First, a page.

What is the Enneagram

The Enneagram is an ancient tool for personal understanding, development and transformation. It is a system that can provide data that helps us understand that we need to go beyond our habitual responses in order to better understand and relate to others. If we know the Enneagram type of ourselves and others we are dealing with, we have an idea of how people might function in different situations. This is because we all behave automatically at times, in response to the influence of our personality when we are not paying attention. The more self-aware we are, the less our habbits affect our thoughts, feelings and actions Understanding this predictability increases our understanding of others, leading to greater tolerance and forgiveness and less blame. It also helps others understand us and helps us develop greater self-awareness and be more forgiving of ourselves when we go off track.

“Ennea” is the Greek word for “nine” and grammos means ‘point”. Its symbol is a nine-pointed star around a circle. The symbol has its own mathematical derivations and internal significant connections.

The Enneagram Symbol

Background to the Enneagram

The Enneagram symbol has roots in antiquity and can be traced back at least as far as the works of Pythagoras. There has been a recurrent theme in Western mystical and philosophical tradition—the idea of nine forms. This idea was discussed by Plato and further developed in the third century by the Neo-Platonic philosophers, particularly Plotinus in his central work, The Enneads. These ideas found their way from Greece and Asia Minor southward through Syria and eventually to Egypt. There, it was embraced by early Christian mystics known as the Desert Fathers and these ideas are found in the work of Evagrius Ponticus, or Evagrius of Pontus, a Christian mystic who lived in 4th century Alexandria. He developed a comprehensive list in AD 375 of eight evil thoughts or eight terrible temptations, from which all sinful behaviour springs. This list was intended to serve a diagnostic purpose: to help readers identify the process of temptation, their own strengths and weaknesses, and the remedies available for overcoming temptation. This list was later distorted and came to be known as the Seven Deadly Sins.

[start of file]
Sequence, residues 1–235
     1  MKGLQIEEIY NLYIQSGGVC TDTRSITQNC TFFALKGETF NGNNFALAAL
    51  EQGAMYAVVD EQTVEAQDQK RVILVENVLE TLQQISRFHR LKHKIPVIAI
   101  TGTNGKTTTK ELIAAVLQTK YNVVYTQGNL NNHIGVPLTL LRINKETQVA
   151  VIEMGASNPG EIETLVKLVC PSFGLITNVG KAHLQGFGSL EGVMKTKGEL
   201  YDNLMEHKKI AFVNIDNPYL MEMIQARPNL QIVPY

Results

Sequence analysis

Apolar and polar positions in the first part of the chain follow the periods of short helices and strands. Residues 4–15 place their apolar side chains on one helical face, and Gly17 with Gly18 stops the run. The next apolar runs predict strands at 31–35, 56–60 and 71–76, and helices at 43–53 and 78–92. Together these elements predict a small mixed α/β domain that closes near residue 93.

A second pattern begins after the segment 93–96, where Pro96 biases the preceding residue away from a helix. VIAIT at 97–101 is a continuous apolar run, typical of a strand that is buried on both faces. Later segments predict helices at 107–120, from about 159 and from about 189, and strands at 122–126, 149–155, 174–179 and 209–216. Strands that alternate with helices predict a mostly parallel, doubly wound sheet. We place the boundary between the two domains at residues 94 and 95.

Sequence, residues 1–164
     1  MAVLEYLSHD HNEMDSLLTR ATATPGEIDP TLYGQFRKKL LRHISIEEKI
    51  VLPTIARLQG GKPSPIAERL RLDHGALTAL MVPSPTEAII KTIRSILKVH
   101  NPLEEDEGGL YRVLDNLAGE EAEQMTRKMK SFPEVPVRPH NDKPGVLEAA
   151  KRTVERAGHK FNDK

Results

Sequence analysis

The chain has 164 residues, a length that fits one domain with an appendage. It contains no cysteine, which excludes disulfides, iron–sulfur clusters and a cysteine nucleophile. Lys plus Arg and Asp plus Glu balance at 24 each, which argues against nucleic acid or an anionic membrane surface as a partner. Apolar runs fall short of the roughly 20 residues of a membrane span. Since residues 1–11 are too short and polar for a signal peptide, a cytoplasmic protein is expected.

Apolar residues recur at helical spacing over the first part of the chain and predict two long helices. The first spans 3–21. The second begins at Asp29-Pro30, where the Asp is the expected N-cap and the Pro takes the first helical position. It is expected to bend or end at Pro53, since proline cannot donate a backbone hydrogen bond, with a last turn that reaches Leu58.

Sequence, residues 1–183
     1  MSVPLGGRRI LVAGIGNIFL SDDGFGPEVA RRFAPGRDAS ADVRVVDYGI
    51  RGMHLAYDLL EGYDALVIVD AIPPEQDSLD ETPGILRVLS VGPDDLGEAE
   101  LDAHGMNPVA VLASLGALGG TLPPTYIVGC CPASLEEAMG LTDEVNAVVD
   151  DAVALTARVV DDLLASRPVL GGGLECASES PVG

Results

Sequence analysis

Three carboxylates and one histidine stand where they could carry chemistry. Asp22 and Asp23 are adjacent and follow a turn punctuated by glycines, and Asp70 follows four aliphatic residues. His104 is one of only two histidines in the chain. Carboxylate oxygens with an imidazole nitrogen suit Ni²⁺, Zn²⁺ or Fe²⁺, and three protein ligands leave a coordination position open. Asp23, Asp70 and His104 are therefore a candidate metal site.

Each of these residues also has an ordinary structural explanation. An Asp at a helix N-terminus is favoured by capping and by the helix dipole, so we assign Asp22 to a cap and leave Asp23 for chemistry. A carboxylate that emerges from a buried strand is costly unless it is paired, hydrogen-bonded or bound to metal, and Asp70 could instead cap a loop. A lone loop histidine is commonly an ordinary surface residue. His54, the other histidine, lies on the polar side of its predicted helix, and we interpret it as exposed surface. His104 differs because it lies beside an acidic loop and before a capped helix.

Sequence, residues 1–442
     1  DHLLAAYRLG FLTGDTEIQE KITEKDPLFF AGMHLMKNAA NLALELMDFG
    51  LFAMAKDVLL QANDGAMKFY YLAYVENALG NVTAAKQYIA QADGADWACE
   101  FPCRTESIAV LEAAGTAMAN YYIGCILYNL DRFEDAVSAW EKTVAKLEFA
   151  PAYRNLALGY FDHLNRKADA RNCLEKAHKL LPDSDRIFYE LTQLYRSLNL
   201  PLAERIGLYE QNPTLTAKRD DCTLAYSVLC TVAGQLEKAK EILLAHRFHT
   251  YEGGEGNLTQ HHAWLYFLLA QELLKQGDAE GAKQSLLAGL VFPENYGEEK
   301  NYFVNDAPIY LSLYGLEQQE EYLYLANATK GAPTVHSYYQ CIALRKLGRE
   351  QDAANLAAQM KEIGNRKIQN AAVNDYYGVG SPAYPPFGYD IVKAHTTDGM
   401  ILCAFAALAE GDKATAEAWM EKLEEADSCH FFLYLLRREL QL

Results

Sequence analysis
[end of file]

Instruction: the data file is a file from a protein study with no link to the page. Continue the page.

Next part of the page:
G. I. Gurdjieff is credited with making the enneagram figure commonly known. Gurdjieff stressed that man must foremost study himself. Know Thyself, normally ascribed to Socrates, actually originates from the earliest recorded teachings. However Gurdjieff did not develop the nine personality types associated with the Enneagram that we know today. These are claimed to be principally derived from the teachings of Oscar Ichazo and later Claudio Naranjo. Numerous other authors, including David Daniels, Helen Palmer, Russ Hudson, Don Riso, Richard Rohr and Elizabeth Wagele, also began publishing widely read books on the Enneagram of Personality in the 1980s and 1990s.

The Three Intelligences

There are three different energy groups or Intelligences around the Enneagram circle. They represent gut instinct, feeling and thinking perspectives. Each one has its own special, intelligent, filter through which its members view the outside world of things, events and people. These filters provide incredible insights that may not be picked up by members of the other groups at all, or perhaps not till much later. These insights help us to survive and thrive in the world, but unfortunately, they sometimes throw us off track and we damage ourselves, key relationships and others in the process, often without realising.

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